This Week in Asia

Asia in 3 minutes: Pompeo has a rocket (man) in his pocket for Kim Jong-un

Australian basketball players leave Manila after their bust-up with the Philippines. Photo: AFP

Australian basketball players are concerned for their safety after a World Cup qualifier in the Philippines descended into a mass brawl. The international governing body, FIBA, has opened an investigation. The chief executive of Basketball Australia, Anthony Moore, said he regretted Australia's involvement in the "unacceptable" incident and players and coaches stayed on the court after the match was called off because it was deemed the safest place in a "tinderbox" atmosphere in the arena in Bulacan. "While we accept our role in the incident, what we don't accept is when fans and officials get involved."

Cambodia on Wednesday reopened the final stretch of a railway running from Phnom Penh to the border with Thailand. The Asian Development Bank provided US$13 million in 2009 to rebuild the missing link which aims to slash travel time between the two countries and boost trade. Cambodian transport minister Sun Chanthol said a train ran on Wednesday from the northwestern province of Pursat to Phnom Penh, the last remaining section of the track between the two countries to be finished. "This is a historic day for our nation," he said.

An ambulance carries one of the 11 bodies found in Burari village, north Delhi, India. Photo: AP

Police in New Delhi are investigating the mysterious deaths of 11 members of a deeply religious family, 10 of whom were found bound and hanging in their home with handwritten notes detailing a mystical suicide ritual. An 11th family member, a 77-year-old woman, was found dead in an adjacent room. Senior police official Alok Kumar said "on the face of it" the deaths of four male and seven female members of the Bhatia family "looks like a case of suicide".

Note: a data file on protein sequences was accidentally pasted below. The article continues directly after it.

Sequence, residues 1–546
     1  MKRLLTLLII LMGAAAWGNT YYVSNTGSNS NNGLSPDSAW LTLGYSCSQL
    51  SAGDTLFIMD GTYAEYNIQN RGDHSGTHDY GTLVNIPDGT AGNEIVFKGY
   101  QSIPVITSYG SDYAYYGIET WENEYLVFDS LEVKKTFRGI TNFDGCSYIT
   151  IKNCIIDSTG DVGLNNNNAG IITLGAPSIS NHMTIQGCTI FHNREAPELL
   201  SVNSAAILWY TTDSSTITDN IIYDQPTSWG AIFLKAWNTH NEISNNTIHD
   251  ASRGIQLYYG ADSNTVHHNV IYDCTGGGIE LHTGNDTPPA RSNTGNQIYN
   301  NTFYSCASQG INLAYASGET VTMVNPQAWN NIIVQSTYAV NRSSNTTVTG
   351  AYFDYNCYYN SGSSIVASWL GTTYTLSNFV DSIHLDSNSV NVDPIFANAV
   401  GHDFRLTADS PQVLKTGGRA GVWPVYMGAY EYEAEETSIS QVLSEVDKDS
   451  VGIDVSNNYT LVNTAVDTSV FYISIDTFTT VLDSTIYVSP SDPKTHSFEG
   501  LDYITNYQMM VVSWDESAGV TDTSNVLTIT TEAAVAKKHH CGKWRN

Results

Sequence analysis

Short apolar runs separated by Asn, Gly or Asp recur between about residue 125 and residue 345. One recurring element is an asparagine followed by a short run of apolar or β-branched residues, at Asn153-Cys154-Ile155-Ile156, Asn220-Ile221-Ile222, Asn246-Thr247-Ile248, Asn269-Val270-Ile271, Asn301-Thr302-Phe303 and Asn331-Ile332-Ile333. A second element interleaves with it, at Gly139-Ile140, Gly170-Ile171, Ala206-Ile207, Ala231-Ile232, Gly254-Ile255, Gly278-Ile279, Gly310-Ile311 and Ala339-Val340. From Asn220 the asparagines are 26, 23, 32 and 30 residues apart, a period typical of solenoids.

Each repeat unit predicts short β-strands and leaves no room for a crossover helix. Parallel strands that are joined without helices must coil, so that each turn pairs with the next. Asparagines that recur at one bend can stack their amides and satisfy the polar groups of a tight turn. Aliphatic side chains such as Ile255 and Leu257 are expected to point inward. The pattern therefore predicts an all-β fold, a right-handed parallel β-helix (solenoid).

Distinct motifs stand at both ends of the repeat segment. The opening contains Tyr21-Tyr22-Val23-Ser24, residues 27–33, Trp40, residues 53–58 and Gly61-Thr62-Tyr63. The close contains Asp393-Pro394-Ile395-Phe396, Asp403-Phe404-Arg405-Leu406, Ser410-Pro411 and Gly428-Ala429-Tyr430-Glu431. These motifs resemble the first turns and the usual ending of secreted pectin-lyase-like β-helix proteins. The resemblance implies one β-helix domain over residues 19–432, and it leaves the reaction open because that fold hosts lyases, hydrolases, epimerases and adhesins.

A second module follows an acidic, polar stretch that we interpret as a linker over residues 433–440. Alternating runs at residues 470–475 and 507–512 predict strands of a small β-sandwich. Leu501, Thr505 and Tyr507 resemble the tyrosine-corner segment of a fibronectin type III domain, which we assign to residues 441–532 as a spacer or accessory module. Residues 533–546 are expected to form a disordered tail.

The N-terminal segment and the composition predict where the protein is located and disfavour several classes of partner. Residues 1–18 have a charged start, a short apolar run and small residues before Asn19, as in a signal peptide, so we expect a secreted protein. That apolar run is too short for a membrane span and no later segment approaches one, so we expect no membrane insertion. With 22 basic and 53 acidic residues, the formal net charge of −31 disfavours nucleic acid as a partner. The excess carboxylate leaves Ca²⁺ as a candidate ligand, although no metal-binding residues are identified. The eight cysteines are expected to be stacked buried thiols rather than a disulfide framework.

People supporting LGBT rights take part in a Tokyo Rainbow Pride parade. Photo: Xinhua

A Japanese women's university said it will admit transgender students who were born male but identify as female, a rare move in a country that critics complain lags behind other developed nations when it comes to lesbian, gay, bisexual and transgender (LGBT) rights. An official at the education ministry said the move by Ochanomizu University in Tokyo was "likely unprecedented" but could not confirm whether it was a national first. "It is desirable that many universities take steps in the direction of understanding the needs of sexual minorities, though making such a decision is up to each university," he said.

This article originally appeared on the South China Morning Post (SCMP).

Copyright (c) 2018. South China Morning Post Publishers Ltd. All rights reserved.

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